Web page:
A good SAT score will differ depending on SATTest just like the number of candidates will differ from each test to the next. For example, in 2017 over 140,000 students did the Level II Math Test, while over 48,000 students did the Literature Test, while only 453 did the Italian Test.
While you are taking your SAT Test, you will answer about 50 – 95 questions within an hour. Then several weeks after, you check from your account on the College Board site for your test score on a 200-800 scale. Somehow, the multiple-choice exam results were turned into scaled scores.
But how are subject Tests scored? How does the scaled score happen? Let’s dive in to find out more about the scoring of SAT tests.
What Are the Average SAT Test Scores?
Good Subject Test scores often are much higher than the good scores attained on the regular SAT considering high academic individuals often choose the Subject Tests. Thus, “good” scores are higher than average, possibly around the top 25% of candidates, or top 5 percent when you’re aiming for Ivy League.
Students need to recognise that, having an average 700 score will mean an entirely different thing based on the test. This may be a strong score for Literature tests but, will only be above average for the Level II Math test.
How can you know what score to aim for in order to have a good score for that subject? As you aim to get a good score for the subject test, always ensure to confirm what score is above average for that particular subject.
What Are the SAT Subject Test Score Percentiles?
Besides getting a mark of between 200 – 800, you will also receive a score percentile. This percentile aims at comparing you with the other students who had taken the test.
For instance, in getting a mark in the 80th percentile, will imply that you scored more than 80 percent of the students. Percentiles are sometimes competitive depending on the number of the test takers, this is regardless of whether some exams are to be easier than others.
So how can students use the percentiles to find out the number of questions they can get wrong? For example with an 800 score on Math II, you need to perform better than 80% of candidates! In essence, when the percentile is higher for 800 scores, then you have fewer questions to get wrong in order to get a score in this top scale. Also, this means that any top scores on these exams will actually stand out.
Good and Excellent SAT Subject Test Scores
In order for a student to have an excellent subject score, the will need to get really high percentiles. Some of the tests that require near perfect score include Math Level II, Chinese with listening, Physics, Italian, Chemistry, and Korean with Listening. But, don’t let this score overwhelm you though.
Most of these subject tests have low standard deviations and high averages. Thus, it means that most of those students that are well-prepared can get high scores above or near the average.
And as you determine a good subject test score, you have another consideration to keep in mind. These include the colleges you have applied to. Though your percentiles only compare you with the rest of the candidates—yet not all of them will be applying to the very colleges you want.
How can the good scores help your child? Students need to have a sense of the average SAT Subject Test scores for the specific colleges they wish to join.
How the Final SAT Subject Score Is Calculated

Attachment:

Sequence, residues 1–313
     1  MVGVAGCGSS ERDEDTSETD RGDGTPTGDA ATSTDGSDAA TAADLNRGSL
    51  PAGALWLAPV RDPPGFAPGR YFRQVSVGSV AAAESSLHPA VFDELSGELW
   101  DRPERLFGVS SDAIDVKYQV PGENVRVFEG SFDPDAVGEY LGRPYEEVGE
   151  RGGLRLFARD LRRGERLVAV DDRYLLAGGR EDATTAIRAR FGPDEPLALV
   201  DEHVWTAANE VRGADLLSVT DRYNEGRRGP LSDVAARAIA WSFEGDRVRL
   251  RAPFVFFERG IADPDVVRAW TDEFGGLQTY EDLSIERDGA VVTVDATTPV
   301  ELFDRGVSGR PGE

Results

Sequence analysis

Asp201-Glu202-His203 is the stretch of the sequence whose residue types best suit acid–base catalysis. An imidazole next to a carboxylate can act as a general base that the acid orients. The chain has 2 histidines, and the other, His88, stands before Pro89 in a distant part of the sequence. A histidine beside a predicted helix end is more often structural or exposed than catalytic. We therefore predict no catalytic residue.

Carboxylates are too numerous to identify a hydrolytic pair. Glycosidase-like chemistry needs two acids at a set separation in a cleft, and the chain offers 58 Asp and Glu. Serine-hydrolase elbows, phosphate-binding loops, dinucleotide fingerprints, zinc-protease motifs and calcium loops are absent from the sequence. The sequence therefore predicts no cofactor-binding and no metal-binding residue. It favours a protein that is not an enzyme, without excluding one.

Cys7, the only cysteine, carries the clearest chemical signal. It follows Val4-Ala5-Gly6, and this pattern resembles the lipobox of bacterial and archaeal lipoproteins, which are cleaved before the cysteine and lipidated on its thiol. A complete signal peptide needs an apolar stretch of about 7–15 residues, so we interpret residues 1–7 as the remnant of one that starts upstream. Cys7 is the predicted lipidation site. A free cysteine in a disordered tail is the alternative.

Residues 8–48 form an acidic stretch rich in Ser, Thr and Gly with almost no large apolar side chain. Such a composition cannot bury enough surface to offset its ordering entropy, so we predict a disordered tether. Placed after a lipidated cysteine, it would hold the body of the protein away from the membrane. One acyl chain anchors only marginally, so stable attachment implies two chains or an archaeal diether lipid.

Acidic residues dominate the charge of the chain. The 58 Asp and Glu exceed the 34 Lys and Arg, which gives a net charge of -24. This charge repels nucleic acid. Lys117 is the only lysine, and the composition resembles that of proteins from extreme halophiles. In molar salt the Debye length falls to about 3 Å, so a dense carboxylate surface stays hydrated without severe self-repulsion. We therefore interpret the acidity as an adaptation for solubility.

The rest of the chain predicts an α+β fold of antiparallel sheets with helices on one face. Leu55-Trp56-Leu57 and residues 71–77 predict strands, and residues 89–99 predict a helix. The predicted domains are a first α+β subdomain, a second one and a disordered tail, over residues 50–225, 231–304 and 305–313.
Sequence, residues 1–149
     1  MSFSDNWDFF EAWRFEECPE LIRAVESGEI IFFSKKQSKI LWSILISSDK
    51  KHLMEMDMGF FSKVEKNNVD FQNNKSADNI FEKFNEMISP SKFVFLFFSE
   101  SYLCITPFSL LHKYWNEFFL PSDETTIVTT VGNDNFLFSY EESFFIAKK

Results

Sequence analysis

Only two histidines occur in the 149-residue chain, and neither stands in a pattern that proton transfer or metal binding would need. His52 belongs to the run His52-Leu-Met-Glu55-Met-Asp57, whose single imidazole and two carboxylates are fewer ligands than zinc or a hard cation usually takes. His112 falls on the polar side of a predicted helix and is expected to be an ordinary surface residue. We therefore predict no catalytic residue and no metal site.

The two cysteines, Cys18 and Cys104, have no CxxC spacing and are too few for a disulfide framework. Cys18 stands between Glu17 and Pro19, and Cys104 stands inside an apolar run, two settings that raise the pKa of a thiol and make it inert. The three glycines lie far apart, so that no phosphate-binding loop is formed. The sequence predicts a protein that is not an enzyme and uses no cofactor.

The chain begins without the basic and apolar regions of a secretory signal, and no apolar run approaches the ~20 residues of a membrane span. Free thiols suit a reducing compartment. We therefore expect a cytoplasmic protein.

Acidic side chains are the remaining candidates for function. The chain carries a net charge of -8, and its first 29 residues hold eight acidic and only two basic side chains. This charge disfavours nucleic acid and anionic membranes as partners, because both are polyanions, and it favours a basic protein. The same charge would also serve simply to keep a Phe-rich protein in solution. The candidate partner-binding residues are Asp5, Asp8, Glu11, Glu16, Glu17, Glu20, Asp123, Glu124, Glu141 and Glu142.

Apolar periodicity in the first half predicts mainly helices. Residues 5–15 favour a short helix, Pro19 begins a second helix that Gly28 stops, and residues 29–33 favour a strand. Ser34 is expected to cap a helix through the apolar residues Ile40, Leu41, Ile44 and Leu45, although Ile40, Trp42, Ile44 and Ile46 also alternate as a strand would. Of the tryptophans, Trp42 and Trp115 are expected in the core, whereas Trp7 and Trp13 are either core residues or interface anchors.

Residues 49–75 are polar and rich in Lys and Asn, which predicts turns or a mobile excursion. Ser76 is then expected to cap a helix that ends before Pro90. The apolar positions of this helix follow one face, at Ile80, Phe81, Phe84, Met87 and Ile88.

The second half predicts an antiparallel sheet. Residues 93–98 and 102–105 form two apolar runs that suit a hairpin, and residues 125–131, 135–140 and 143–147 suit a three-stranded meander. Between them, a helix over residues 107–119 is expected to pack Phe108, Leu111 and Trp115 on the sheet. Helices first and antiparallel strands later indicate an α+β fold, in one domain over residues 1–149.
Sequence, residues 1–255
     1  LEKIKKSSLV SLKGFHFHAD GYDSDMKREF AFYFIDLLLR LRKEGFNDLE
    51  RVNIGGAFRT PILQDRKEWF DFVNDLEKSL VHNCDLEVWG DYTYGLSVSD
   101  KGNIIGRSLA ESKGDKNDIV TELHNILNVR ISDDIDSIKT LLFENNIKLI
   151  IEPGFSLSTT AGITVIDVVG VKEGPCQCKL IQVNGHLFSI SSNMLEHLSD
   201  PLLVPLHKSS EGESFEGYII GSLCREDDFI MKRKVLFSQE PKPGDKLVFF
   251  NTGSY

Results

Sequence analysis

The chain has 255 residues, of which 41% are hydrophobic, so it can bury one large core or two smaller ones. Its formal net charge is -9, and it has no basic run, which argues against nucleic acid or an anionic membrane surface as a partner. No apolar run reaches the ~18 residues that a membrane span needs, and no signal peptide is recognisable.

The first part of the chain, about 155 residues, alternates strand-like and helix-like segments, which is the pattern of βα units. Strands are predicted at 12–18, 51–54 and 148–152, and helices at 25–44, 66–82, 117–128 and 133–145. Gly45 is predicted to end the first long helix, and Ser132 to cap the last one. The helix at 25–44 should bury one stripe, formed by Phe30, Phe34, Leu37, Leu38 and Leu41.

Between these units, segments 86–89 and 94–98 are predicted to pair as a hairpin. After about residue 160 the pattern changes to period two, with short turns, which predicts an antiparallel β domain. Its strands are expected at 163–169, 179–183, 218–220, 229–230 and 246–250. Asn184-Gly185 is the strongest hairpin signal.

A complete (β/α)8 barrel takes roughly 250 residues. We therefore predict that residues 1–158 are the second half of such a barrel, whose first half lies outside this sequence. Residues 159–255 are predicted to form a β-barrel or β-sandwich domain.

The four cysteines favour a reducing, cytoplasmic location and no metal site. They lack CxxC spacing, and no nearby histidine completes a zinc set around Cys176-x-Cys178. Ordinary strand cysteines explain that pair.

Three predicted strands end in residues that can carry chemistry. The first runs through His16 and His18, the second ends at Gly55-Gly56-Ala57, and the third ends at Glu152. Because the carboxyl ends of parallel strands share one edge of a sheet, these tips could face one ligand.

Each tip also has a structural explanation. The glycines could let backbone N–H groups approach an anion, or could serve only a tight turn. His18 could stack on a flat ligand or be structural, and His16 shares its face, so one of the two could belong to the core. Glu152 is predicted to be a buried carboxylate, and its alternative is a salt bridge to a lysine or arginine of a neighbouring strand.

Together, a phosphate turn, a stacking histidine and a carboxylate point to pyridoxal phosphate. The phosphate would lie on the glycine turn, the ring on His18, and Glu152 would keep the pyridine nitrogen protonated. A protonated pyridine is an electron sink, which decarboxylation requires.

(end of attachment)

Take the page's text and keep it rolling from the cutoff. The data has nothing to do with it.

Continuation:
The College Board provides a plan for changing your raw scores to scaled scores after completing each practice test. These charts will offer you loose ballparks on how a few raw scores on a test might get converted to a scaled mark of between 200 – 800, however, they will not be exact. This implies that there’s no agreeable formula used to convert raw Subject Test scores to a scaled mark.
The reason for this is since the Singaporean College Board equalizes scaled scores making it for scores to be comparable with different test administrations. Meaning accounts for minor difficulty levels and small differences in the skill of candidates are equated on different exam dates.
Essentially, your respective score will not be affected if the students who did the SAT Subject exam alongside you were remarkably strong in the particular subject.
How Is Your Raw SAT Subject Score Calculated?
The total points you get on your subject test before it is converted to the final score of between 200-800 is referred to as the raw score. So if a subject exam has 60 questions, it means the highest raw mark you can get is 60. However, different from the usual SAT, the raw score does not depend only on the number of questions you answer correctly. But, it will also be based on how many you get wrong.
The “guessing penalty,” was created so as to discourage students from random guesswork. This means that each question you answer incorrectly, a fraction of the point will get deducted from your total raw point. And this is for questions you answered correctly.
The SAT subject exam questions are mostly 5-choice questions, and so the guessing penalty comes to a quarter-point.
The Subject Test scoring appears to be unusual since your score does not only account for the number of questions you had correct answers—it also takes into consideration the deductions for those questions you answered wrongly.
Owing to this, it’s difficult to say with certainty which raw score you should aim for so that you reach a specific score.
As you attempt to reach your targeted raw score, consider those questions you are uncertain. Hence, the more choices you eliminate in your answers, the more likely you are to guess the correct answer and even avoid getting penalties.
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